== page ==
From Operation Five High to the Existing Ocean City Project
The havoc the Ash Wednesday Storm wrought to the Atlantic Coast of Maryland was the impetus for the current coastal storm risk management project that reduces risk to Ocean City today.
Following this storm, Congress authorized the Corps of Engineers to study erosion control and hurricane protection along the Atlantic Coast of Worcester County in 1963.
Throughout the study and design phase, the storm was not far from the minds of personnel with the Corps Baltimore District.
“The Ash Wednesday Storm was the ‘design storm’ for the project,” said Baltimore District Project Manager Justin Callahan, who has worked on the project in various capacities since the late 1990s, eventually becoming the project manager in 2013. “Meaning those waves and conditions and total water surface elevation are what the project was designed to protect against.”
Study of the Atlantic Coast of Maryland stopped and restarted over the years for various reasons ranging from cost concerns to lack of local interest in a federal project to debate regarding consideration of rock groins rather than sand placement, but eventually culminated in a formal recommendation in 1981 for a hurricane protection project as well as erosion control.
During this time, however, the federal government through the Corps was scaling back its “erosion control” efforts, leaving beach construction geared toward recreation to local interests.
The Corps and the state of Maryland coordinated throughout the 1980s, resulting in formal project authorization in 1986, contingent upon local beach construction led by Maryland. That local work was completed in 1988, using 2.3 million cubic yards of sand. This allowed for the federal project, consisting of improvements designed specifically for coastal storm risk management, to move forward into final design and construction.
“The state essentially did phase 1 of the beach project,” Callahan said. “And the federal government came in and did what you could consider as phase 2 of the project.”
That “phase 2,” would be construction of the coastal storm risk management project that began in 1991 and is still seen today at Ocean City. It is a cost-shared partnership between the Corps and the state of Maryland.
The authorized project consisted of improvements to the beach as well as to the boardwalk in Ocean City. A 100-foot-wide beach berm elevated to 8.5 feet above the National Geodetic Vertical Datum (NGVD), a standard used for coastal construction that’s similar to mean sea level at Ocean City. The berm was constructed along the entire project area, from the Maryland-Delaware line to 3rd Street in Ocean City near Ocean City inlet. The small area further south naturally accretes sand, and there is a wide beach there.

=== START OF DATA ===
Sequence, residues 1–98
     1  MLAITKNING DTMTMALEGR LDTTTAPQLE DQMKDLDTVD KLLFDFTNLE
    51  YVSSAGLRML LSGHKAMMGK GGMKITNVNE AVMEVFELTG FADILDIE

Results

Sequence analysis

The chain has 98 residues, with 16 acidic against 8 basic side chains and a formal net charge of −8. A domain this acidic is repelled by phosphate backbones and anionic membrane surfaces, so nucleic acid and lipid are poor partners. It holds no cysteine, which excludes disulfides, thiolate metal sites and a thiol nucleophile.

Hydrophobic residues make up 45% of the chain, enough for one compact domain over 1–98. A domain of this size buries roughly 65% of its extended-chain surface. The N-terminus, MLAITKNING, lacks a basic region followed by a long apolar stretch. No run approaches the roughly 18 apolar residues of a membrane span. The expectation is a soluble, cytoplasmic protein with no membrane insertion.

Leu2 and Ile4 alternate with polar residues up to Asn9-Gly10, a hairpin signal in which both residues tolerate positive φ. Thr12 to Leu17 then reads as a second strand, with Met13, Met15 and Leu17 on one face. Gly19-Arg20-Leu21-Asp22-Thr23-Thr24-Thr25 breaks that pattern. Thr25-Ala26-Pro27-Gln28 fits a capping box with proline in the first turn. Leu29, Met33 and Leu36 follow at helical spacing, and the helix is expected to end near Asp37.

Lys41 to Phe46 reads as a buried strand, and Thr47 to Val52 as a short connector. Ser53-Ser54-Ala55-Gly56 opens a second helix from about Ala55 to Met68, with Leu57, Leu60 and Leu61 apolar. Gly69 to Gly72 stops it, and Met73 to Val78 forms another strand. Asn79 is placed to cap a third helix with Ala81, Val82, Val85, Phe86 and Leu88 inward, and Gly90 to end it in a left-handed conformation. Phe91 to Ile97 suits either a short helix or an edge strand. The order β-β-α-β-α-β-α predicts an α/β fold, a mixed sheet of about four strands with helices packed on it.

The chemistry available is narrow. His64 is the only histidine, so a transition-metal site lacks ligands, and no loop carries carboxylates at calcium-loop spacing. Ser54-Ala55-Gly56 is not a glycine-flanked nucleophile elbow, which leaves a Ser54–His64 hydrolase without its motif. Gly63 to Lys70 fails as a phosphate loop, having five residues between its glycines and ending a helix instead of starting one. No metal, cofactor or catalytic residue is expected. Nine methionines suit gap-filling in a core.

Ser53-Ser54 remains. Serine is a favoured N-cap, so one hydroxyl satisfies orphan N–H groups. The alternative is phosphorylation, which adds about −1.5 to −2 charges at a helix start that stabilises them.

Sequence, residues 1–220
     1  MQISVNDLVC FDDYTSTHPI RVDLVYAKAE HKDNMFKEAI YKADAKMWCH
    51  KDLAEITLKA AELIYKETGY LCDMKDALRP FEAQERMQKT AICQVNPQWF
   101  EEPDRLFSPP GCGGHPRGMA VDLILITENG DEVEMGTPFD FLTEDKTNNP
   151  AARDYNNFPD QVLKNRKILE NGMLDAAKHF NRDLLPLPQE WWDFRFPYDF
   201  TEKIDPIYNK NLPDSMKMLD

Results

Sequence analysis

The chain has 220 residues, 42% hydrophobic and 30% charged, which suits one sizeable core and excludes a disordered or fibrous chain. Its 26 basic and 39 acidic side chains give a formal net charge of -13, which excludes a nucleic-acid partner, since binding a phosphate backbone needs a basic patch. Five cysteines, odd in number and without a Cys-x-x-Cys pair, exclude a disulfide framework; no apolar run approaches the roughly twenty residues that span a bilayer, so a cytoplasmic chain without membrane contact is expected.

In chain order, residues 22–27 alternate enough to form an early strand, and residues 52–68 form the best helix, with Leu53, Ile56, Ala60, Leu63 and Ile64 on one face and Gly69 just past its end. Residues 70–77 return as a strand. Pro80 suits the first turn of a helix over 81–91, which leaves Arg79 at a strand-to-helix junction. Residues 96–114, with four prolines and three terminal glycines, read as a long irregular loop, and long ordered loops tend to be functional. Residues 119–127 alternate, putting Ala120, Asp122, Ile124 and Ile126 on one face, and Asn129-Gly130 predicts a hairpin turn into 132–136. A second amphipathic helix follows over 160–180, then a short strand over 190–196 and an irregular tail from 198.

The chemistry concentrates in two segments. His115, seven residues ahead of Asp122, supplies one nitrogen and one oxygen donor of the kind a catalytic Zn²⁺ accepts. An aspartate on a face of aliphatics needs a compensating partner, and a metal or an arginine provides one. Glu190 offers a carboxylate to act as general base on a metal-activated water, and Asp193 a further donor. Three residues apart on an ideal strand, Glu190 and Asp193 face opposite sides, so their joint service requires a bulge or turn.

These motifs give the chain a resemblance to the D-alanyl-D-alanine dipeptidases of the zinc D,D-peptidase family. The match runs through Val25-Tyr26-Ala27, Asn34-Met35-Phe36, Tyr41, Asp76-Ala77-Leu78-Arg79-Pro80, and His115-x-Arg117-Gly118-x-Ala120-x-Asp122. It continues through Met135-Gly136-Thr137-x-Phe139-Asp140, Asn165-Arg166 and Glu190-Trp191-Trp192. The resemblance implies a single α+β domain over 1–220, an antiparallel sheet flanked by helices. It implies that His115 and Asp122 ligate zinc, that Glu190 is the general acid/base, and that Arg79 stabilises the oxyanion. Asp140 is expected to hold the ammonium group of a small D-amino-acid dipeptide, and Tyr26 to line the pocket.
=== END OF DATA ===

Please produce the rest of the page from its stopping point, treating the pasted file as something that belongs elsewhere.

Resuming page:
From 4th Street north to 27th Street, where the boardwalk ends, a 14.5 foot-high NGVD steel sheet piling bulkhead with a concrete cap was constructed along the oceanward edge of the boardwalk. From the end of the boardwalk north, a 14.5-foot-high NGVD dune with a 25-foot-wide crest at the top backstops the constructed beach berm until the Maryland-Delaware line. The dune is reinforced with plantings and has more than 200 dune crossings.
Initial construction on all elements was completed in 1994, including repairs from two significant storms during construction. The project includes the authority for periodic renourishment as needed, which on average, comes to about 800,000 cubic yards of sand every four years.
While Callahan noted the project loses an average of 175,000 cubic yards of material a year, he said the project is resilient against larger storms that occasionally come along.
“The project itself does a relatively good job of repairing itself,” Callahan said. “You can go out there the week after you have a storm and you can measure and see that there are horrific sand losses to the dune and the beach berm. But, what we also see is that most of that sand is drug right offshore of the project and its sitting there on a big fat sand bar right off the beach. The wave attack pulls the sand away out to the ocean, but it doesn’t take it too far away, and then the general, normal wave action pushes it back up on shore again.”
The Atlantic Coast of Maryland Shoreline Protection Project Today